For the tests, the fragment, of 33 × 8 × 2.5 cm, was placed vertically to simulate its position in a wall and four surfaces of 20 cm2 were generated (Figure 1). The area was protected with special adhesive plastic tape for glazing, to provide a reference of the initial situation. The cleaning was made without shaping the ends of the treatment area, moving it and superimposing it on the protection.

Figure 1. Image of the test areas with 1.2 mm nozzle.


A microsandblaster with 1.2 mm straight nozzle, 300 l/min flow compressor and air dryer were used. A pressure of 1 bar pressure on the manometer was selected because it is the minimum pressure at which most of the commercial equipment for sale or rent projects and, since it is commonly used for cleaning this stone material, aluminium silicate 80–160 μm was used. This product has irregular shapes, laminar and ridged, 7 Mohs hardness and is friable.

At every surface test the angle was modified and 25°, 45°, 75° and 90° angles were used. Regarding the distance, to unify the real measurement from end of the nozzle with the selected angles 10 cm was determined, that is the distance corresponding to the hypotenuse of the triangle formed between nozzle and surface with a distance of 4.3 cm at 25°, 7.1 cm at 45°, 9.7 at 75° cm and logically, 10 cm at 90°. This distance was selected as one of the most usual ones when cleaning smooth surface with microsandblaster. To maintain distance and angle a reference rail was used.

Since, when the switch is activated there is a time in which the flow is not constant depending on pressure, hose length and product characteristics, among other influences, the samples were covered with a metal plate until a uniform and flowed projection was reached, at which time the trial was initiated to control as far as possible the homogeneity of the manual procedure. The same protective device was used to prevent the abrasive that continues to flow after releasing the drive control impacting with the surface at the end of the set time. Also, after cleaning, each testing was covered with paper to prevent visual and time comparisons that could influence the restorer’s treatment. During tests an assistant was timing the duration of the projection and protecting and uncovering the surface. In time measurements a slight margin of error must be taken into account because it was not an automated system and so time must be understood as a reference to the speed of cleaning for treatment comparatives.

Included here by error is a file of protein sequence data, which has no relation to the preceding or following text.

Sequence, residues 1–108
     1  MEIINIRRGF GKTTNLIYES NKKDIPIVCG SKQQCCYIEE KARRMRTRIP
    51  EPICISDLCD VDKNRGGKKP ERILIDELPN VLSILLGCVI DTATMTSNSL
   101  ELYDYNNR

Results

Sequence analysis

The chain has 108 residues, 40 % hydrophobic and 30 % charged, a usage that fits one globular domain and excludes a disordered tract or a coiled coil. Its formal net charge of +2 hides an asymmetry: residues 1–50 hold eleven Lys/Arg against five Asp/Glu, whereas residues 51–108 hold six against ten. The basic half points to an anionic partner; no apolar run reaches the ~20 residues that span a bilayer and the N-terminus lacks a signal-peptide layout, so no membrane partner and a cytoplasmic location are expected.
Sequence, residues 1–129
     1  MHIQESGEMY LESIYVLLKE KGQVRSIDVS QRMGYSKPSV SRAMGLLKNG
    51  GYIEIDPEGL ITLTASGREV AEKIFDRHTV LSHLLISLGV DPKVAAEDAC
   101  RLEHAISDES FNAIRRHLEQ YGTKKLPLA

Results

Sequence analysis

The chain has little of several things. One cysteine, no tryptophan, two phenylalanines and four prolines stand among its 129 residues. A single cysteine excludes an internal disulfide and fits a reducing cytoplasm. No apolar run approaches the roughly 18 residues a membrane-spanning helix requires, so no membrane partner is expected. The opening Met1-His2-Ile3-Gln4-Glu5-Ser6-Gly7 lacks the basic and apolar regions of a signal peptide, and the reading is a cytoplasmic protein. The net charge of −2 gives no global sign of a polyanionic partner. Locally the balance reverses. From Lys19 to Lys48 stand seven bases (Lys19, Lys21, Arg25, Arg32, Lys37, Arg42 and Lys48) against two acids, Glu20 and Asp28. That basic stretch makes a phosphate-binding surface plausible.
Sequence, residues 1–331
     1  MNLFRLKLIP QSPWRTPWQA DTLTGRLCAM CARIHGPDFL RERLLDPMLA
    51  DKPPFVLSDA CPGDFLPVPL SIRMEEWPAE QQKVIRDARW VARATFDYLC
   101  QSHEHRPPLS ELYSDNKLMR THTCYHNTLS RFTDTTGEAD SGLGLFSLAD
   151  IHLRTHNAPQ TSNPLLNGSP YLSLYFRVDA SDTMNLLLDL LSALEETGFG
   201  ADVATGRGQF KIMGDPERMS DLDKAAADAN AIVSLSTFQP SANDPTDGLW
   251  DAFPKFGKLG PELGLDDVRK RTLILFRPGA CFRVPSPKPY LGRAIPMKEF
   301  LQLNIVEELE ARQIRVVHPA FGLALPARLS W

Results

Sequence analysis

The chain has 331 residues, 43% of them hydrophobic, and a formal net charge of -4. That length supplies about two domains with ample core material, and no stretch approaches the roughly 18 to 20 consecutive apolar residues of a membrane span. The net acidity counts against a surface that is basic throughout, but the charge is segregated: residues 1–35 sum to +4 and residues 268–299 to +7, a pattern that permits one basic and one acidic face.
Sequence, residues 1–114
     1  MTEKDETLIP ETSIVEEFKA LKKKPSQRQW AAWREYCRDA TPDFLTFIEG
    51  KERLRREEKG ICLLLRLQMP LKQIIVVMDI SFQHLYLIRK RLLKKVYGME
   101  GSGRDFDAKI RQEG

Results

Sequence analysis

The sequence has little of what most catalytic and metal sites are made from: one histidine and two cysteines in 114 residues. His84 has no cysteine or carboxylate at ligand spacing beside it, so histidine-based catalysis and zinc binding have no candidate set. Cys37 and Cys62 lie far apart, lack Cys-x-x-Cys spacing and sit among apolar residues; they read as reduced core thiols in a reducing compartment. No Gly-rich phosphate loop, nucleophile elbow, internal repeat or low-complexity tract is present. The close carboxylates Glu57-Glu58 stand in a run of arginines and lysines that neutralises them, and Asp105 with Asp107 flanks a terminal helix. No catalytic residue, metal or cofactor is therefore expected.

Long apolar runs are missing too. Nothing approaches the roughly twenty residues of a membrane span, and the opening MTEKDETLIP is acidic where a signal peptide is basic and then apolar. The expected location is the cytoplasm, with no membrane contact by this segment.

The samples were documented with macrophotography, USB digital microscope, stereomicroscope with 3D visualizing and measurement and colorimeter.

After analysing these surfaces two angles were selected, those which had caused the most and least damage, and the same tests were repeated but with straight nozzle of 1.8 mm in areas of the same size and with the same equipment cleaning and evaluation.


The main differences between tests appear with slight changes in colour and tone. Visually, and although the differences are very slight, between the test surfaces can be seen some variations indicating a greater or lesser degree of cleanliness, or indirectly, alteration. The darker area corresponds to the surface treated with 75° angle, and proceeds to clearer areas with 25°, 90° and 45° (a priori darker coloration is interpreted as lesser alteration because less soil has been removed). The changes are intensified in each surface test because of the existence of lighter areas that match the claw chisel valley, and in isolated cases, with flaking and pitting previous to the cleaning. These points due to their thinner layer of dirt compared to those without these alterations, are dismissed in the overall assessment of the results of colour.